"Master Password" Is A Password Manager Alternative That Doesn't Store Passwords

Master Password is a different way of using passwords. Instead of the "know one password, save all others somewhere" way of managing passwords used by regular password managers, Master Password's approach is "know one password, generate all the others".

Master Password desktop Java app

Master Password is free and open source, it doesn't store any passwords, it doesn't use cloud servers, and it only requires you to remember one password. It's available for Android, iOS, desktops, console and the web.

Instead of storing your passwords locally or in the cloud, Master Password calculates your passwords using a cryptographic algorithm. The application uses the user-name, master-password, site-name, site-counter and site-template values to calculate your password for a given website. As a result, it can retrieve your passwords without storing them anywhere.

Advantages of using Master Password instead of traditional password managers include:

  • Your passwords aren't stored anywhere, so you don't have to trust any third-party with your passwords (so there's no need to worry that some service you're using might get hacked or go down when you need it).
  • It doesn't matter if your device breaks or is stolen, you can use any device to find out your passwords.
  • You don't need to backup your passwords.
  • There's no need to keep your passwords in sync somewhere easily accessible.

There are a couple of downsides too though:

  • Since each password created using Master Password is derived from your master password (among others), if your master password is compromised or if you want to change it for whatever reason, you'll also need to change all your website passwords. So use a strong password (though that should always be the case).
  • If you need to change a website password (in case a website is hacked for example, and forces you to change the password), you'll need to increase the "Counter" value for that site settings in Master Password so it generates a new password, and remember to use the new counter value each time you use Master Password to calculate the password for that website. One way around this would be to store the counter value (and any other particularities you may use for some websites) somewhere.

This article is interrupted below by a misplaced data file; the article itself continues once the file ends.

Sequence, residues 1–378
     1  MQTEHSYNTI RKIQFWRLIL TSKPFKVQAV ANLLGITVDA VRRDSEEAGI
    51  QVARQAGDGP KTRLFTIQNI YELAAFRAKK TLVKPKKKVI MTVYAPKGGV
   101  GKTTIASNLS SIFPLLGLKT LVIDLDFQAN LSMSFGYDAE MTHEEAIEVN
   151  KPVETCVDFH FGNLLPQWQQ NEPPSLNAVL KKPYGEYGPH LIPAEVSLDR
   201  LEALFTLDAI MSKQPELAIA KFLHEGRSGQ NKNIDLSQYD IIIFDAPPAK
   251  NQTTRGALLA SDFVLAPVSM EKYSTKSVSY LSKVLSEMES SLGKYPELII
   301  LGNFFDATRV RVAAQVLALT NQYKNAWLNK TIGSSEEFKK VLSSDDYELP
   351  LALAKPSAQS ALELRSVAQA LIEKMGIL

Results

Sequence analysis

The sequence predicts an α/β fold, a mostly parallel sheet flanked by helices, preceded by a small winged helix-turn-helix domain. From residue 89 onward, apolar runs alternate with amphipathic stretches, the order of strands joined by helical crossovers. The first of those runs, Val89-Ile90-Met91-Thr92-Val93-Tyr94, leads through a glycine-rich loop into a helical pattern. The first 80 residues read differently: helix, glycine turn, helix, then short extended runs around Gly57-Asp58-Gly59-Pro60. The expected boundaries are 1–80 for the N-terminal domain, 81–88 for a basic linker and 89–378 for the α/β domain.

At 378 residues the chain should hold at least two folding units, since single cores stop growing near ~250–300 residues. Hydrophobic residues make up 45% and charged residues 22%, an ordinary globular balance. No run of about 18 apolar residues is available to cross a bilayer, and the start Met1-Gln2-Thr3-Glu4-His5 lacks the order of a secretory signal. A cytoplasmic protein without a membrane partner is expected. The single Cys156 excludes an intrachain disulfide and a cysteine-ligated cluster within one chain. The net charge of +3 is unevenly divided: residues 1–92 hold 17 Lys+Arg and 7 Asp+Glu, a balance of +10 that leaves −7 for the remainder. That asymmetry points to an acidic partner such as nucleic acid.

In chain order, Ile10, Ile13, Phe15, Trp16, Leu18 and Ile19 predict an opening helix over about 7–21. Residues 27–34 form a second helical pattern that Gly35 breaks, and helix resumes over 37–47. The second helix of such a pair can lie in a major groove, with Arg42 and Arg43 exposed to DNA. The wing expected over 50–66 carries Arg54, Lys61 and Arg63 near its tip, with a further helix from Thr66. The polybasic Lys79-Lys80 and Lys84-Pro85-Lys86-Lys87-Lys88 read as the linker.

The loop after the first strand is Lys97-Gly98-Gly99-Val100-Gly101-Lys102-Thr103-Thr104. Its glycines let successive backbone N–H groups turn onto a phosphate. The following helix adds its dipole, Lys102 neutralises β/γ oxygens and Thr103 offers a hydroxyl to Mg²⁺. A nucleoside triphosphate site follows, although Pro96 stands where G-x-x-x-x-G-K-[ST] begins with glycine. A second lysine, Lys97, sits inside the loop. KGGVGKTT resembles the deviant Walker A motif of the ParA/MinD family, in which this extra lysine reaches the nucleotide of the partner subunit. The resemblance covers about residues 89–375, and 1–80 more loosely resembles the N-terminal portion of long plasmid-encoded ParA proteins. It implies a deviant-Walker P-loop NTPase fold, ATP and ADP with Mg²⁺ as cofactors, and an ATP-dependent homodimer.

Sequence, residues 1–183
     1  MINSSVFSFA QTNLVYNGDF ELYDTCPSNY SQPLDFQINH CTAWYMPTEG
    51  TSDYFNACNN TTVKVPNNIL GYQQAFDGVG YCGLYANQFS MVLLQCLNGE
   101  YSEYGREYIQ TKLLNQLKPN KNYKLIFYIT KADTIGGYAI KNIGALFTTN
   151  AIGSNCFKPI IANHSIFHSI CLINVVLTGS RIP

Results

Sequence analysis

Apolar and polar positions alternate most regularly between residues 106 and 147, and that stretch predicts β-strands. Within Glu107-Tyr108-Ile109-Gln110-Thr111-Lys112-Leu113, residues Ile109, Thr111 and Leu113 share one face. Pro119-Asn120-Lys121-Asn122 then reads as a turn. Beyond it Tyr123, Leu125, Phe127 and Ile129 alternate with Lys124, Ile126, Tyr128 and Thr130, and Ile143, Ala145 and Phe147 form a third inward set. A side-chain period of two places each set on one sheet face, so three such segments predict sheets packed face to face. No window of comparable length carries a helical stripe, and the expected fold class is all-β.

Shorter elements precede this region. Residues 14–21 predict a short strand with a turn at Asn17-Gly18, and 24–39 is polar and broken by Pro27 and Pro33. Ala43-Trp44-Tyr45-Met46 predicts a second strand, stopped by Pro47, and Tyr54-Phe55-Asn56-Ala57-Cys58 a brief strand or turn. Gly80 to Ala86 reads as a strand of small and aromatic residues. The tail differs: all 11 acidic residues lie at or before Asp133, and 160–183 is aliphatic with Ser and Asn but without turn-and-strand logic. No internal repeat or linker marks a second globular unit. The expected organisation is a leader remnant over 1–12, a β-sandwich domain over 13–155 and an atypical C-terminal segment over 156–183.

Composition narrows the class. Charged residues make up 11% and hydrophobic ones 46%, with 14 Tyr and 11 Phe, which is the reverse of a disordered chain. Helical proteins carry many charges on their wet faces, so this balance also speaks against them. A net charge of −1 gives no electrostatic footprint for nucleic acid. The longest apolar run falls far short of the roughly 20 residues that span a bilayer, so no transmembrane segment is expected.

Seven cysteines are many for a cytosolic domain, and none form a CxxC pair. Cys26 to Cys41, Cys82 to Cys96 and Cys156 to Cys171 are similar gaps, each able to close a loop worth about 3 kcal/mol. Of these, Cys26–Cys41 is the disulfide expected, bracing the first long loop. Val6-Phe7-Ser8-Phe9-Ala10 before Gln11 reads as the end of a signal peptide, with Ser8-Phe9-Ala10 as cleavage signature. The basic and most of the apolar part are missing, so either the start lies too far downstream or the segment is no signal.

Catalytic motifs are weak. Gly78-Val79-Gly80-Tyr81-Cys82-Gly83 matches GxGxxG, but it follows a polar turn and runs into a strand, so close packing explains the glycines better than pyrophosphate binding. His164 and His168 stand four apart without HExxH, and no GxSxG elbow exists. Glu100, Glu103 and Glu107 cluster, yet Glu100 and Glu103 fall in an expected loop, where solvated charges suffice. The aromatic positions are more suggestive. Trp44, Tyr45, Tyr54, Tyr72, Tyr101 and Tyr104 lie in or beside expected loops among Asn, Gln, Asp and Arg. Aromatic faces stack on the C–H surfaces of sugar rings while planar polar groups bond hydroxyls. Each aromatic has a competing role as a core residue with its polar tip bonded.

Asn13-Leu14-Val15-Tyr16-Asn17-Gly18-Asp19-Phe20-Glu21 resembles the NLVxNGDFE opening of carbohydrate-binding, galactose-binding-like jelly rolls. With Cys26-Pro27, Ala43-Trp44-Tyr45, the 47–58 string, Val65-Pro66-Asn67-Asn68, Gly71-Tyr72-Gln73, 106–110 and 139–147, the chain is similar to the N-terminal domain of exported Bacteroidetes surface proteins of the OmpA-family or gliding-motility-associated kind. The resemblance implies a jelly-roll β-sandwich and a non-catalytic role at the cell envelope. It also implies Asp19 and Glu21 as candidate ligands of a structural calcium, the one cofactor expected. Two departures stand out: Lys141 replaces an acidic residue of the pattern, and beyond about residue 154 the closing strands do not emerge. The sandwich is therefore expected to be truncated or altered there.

Related: Bitwarden: The Secure, Open Source Password Manager You're Looking For

The Master Password Wikipedia page mentions that the algorithm uses scrypt, an intentionally slow key derivation function, for generating the master key, to make brute-force attacks unfeasible. The master key is a global 64-byte secret key generated from the user's secret master password and salted by their full name.

The master key, site name and the site counter are used to generate site-specific secrets / keys using the HMAC-SHA256 algorithm.

Read the Master Password FAQ for more information about its security.

It should also be noted that while Master Password can't autofill the login credentials in web browsers, there are third-party extensions that can do this. For example MasterPassword-Firefox  (also available for Chrome) can auto fill your username and password.

Using Master Password


While the Master Password web app doesn't store anything, and the Android app can only remember your name (I don't know about the iOS and Mac apps as I haven't tried them), the desktop Java application can save the names of the sites you've used in the past to make it easier to use them in the future. This is not required (you can check the Incognito box to not save the user to disk), and it's only to simplify the way you access the passwords.

The location to which the website names are saved is ~/.mpw.d. If you use multiple computers you could sync this using a service such as NextCloud, Dropbox, etc. to use it on multiple computers. The passwords are not stored here or anywhere else.